1. Back story is not the same as a good story. As I write on a daily basis for at least an hour each morning, I’m realizing that most of what makes it to the page is back story about the characters, not the actions in which they are engaged. Thus, my sense of boredom is very real…because they are not doing anything.  I am getting to know them better and that is entertaining, but as far as compiling a story with these people, not much has actually happened yet.
  2. A literary style is probably more my thing. One of my pieces from earlier this month is largely a string of consciousness with key events mentioned along the way, giving it structure. Poetry’s my girl. Can I just write poems in story form?
  3. A process has emerged that works for me. I think. Mostly, my first drafts are proving to be boring beyond boring. Going over them a second and then a third time, rewriting paragraphs and making the language more interesting, accurate, and descriptive along the way seems to be working for me. However, this only addresses the writing style, not the actual plotting of events. Any tips on plotting would be appreciated. I keep waiting for the characters to come alive in my mind and start doing things. I will give myself over to you and let you write yourselves into life, but for the love of all things, don’t make me do it for you.
  4. I need to read more. My life has revolved around textbooks for years. It’s no wonder my imagination is shit right now. A synthesis of interests and artistry will be good to have, eventually. Reading Toni Morrison these days is watering my brain in all the right ways.

So, one month in, there has been improvement, insight, and all that exciting personal growth stuff. (yikes!)

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Creativity, Editing, Fiction, Poetry, Self-Medicating, WIPpets, Writing

Update on the writing life: Month #1

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It has been one month today since undertaking the goal to complete 52 short stories in 52 weeks. I am nowhere near meeting it but I do feel encouraged by what has happened in the past 29 days.

  • 3 & 1/2 rough drafts of stories on their way to completion
  • 2 drafts of poetry
  • 1 submission of poetry to HOOT literary magazine
  • 1 sketch (a portrait)
  • 1 plan to self-publish my first manuscript of poetry, The Latent Talent of Conception
  • Participation for the first time in a “write-in,” six of us scrawling/typing a total of 8,114 words in each other’s company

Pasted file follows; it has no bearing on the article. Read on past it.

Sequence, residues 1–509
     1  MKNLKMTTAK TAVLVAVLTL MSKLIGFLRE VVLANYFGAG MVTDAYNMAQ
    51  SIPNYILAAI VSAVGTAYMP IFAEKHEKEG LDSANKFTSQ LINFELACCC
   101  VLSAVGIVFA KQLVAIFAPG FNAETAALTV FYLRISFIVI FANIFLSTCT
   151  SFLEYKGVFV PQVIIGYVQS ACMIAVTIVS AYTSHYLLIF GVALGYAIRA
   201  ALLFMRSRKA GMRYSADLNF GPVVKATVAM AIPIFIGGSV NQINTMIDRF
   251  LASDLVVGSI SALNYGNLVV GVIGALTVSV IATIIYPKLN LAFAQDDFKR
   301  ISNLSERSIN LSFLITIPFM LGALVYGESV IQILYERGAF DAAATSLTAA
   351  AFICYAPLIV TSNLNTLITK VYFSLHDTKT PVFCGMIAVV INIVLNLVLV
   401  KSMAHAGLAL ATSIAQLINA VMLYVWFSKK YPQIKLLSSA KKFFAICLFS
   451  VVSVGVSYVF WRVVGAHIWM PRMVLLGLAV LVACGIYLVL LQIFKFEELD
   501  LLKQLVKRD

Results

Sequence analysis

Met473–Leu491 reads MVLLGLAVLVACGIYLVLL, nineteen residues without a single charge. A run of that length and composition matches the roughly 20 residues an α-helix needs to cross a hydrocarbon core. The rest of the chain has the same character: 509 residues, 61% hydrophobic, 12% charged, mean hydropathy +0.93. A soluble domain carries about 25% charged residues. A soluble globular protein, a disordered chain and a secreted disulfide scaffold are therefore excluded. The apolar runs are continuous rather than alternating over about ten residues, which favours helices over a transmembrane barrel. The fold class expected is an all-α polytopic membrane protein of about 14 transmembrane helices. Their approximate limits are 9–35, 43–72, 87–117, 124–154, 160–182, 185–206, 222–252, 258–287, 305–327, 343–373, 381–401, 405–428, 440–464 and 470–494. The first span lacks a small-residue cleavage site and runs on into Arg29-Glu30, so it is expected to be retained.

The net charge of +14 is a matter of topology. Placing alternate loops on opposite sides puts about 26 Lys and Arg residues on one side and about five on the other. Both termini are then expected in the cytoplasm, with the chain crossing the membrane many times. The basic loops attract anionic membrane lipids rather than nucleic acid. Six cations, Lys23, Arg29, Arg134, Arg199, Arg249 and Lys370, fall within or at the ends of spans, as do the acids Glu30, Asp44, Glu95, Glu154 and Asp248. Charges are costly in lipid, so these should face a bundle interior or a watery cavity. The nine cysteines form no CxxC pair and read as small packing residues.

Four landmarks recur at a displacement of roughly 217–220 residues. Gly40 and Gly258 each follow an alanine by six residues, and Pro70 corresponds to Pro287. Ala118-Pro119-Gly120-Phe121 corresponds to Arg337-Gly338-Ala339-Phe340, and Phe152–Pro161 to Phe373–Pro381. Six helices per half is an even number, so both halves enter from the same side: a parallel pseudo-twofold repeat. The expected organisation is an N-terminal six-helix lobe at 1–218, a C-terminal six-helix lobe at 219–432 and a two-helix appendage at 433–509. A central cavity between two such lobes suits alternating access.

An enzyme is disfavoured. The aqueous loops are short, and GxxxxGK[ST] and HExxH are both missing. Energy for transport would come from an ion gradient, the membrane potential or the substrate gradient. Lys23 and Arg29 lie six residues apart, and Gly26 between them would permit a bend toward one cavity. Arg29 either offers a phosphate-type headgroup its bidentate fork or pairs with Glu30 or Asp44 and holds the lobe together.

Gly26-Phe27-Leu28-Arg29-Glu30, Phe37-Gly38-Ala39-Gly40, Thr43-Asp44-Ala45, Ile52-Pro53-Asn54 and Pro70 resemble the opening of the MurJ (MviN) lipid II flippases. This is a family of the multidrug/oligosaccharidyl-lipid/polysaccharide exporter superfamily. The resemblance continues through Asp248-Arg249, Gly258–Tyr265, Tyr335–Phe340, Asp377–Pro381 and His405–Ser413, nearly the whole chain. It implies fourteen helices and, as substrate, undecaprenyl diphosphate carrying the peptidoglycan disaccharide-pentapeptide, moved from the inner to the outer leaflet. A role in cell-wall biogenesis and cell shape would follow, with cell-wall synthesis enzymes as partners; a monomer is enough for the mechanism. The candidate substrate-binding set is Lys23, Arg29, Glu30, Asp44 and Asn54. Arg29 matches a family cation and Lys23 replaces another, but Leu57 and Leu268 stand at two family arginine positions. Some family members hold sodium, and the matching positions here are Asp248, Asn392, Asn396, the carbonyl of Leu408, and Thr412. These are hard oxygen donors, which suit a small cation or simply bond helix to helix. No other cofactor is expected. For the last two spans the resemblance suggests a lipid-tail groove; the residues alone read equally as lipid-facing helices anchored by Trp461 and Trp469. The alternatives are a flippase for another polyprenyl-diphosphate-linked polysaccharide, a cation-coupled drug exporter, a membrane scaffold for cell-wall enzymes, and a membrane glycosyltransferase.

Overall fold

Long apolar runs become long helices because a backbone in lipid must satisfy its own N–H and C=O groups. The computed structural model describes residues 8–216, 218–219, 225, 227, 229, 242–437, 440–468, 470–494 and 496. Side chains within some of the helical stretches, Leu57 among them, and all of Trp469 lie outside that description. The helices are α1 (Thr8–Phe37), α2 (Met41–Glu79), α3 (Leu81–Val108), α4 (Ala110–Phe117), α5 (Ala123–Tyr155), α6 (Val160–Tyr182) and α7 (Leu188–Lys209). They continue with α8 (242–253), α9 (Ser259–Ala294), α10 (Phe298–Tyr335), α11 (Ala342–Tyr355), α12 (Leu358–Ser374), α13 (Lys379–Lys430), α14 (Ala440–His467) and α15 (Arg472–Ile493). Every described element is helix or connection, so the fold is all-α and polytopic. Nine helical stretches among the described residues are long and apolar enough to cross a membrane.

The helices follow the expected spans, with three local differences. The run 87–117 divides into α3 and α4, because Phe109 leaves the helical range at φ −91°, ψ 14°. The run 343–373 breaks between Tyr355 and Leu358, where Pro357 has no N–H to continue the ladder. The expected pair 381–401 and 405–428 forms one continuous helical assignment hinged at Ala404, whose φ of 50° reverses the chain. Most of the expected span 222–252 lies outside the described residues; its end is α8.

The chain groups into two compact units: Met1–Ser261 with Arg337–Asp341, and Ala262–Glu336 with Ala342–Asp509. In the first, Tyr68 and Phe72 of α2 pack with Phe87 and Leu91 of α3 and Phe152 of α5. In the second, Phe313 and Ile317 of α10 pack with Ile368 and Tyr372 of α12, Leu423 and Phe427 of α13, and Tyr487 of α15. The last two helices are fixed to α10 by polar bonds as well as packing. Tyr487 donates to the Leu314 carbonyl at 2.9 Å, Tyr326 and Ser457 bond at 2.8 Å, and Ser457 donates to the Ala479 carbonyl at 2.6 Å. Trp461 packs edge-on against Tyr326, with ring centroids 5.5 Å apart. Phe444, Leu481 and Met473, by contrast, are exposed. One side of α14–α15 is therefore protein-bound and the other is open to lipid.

• Only one half of one book read: Sula by Toni Morrison
  • Subscription to Duotrope for manuscript submissions and tracking
  • Subscriptions to Glimmer Train and Alaska Quarterly Review
  • So many cups of coffee and Americanos. Black.

I continue to find fiction more challenging than enjoyable to write. However, a process is unfolding and it’s getting easier and even fun!

Last night, during four separate sprints in which we wrote continuously in chunks of 20 minutes, I hashed out about 400 words at a time and then returned to add layer upon layer of detail and interest until I could read it without dying of boredom.

As evidenced by my list above, I have a problem finishing stories. On a side note, I write boring plots and characters; I have little imagination.

However…it does seem to be getting a teeny bit easier and the writing has improved.

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Fiction, WIPpets

WIPpet Wednesday: A bit “off”

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Today’s work-in-progress (WIP) comes to you from my third short story attempt.

I am sure my late grandmother will grace many pages in the days to come. She was a very complicated person.

This snippet happens in the midst of the main character’s existential crisis. She has started to lose her mind but this goes largely unnoticed by her family who has always seen her as a bit “off.”

WIP = “work in progress.” This group of bloggers publishes a snippet of work each week that somehow relates to the date. Today is 11/16/2016, and 1+1+1+6 = 9. Here are 9 lines of the current WIP.

Today began the same as any other day. She looked around her fine home and wondered at the meaning of it all. An existential crisis had taken root in her mind, and she couldn’t shake the thought that there was something more she was supposed to be doing with her life.

Books had piled up on the table by her couch. The brain was her latest interest, and the Theory of Everything. Quantum physicists prized this idea the most of all. What is the underlying theory that accounted for everything in the entire known universe and its laws?